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Workers have the power to tackle the Tories

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Issue 2401

Millions of Londoners were left in no doubt about the power of workers this week, as Tube strikes plunged Europe’s biggest city into chaos.

Britain faces a wave of strikes in the next few weeks. And workers are set to ballot for action that could see more than a million walk out.

Nurses, firefighters, teachers, tax collectors, street sweepers, care workers, lecturers, cinema staff and many others are preparing for action. 

But we can expect to hear a lot about why we shouldn’t bother.

Pundits and politicians will argue that strikes are “irresponsible” and “damaging” because of the huge impact they have. In the same breath they’ll say strikes have no impact whatsoever.

In every generation someone finds a new way of arguing that the working class has had its day. Today we hear that some workers are too “precarious” to collectively withdraw their labour, while others are too “gold-plated” to risk a real fight.

But however much capitalist society has changed since Karl Marx wrote in the 19th century—or even since the miners struck in the 1980s—one thing remains the same.

Everything boils down to the drive to accumulate ever-larger profits.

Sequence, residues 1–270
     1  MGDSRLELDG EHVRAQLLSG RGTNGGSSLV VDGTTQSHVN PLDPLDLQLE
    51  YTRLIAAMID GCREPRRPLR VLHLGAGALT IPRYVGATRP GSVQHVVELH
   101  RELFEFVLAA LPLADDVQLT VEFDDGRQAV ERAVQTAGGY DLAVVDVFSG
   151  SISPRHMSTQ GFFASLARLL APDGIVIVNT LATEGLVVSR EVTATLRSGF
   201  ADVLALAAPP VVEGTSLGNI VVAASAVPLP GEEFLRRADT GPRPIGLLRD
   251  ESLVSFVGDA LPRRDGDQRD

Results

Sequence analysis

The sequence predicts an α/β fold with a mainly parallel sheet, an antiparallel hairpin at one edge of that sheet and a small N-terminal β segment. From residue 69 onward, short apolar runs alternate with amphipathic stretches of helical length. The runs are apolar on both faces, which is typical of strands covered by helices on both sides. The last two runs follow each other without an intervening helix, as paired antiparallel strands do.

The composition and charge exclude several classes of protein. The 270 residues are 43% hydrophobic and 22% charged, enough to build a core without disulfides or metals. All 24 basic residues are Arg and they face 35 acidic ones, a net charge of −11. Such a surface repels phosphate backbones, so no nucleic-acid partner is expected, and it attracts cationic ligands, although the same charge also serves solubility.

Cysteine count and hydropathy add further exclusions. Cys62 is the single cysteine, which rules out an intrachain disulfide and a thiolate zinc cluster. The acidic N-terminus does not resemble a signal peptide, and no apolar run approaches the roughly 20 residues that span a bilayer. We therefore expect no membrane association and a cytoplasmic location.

And that relies on bosses’ ability to cash in on the work done by other people.


Some workers make products or provide services. Others maintain the infrastructure and workforce that make production possible.

But all of us who have to work for a living are holding the weight of the system on our shoulders.

That puts us in a unique position to throw it off.

Marx called workers the “universal class” that could free all of humanity from capitalism. 

He wrote, “They have a world to win and nothing to lose but their chains”.

Resistance can take many forms, from peaceful marches and protests to riots.  All of these are important.

But struggle at work through walkouts or sit-ins goes right to the heart of the system. 

Strikes hit bosses where it hurts the most—in their pockets. 

And every strike makes starkly clear how much they need us and how little we need them.

When workers stand together to take control of our own labour, for however short a time, it raises the question of why we don’t do it permanently.

If we seize the opportunity to build these strikes we can beat the Tories.  And just as importantly, we can help create the force that can one day finish their system off for good.

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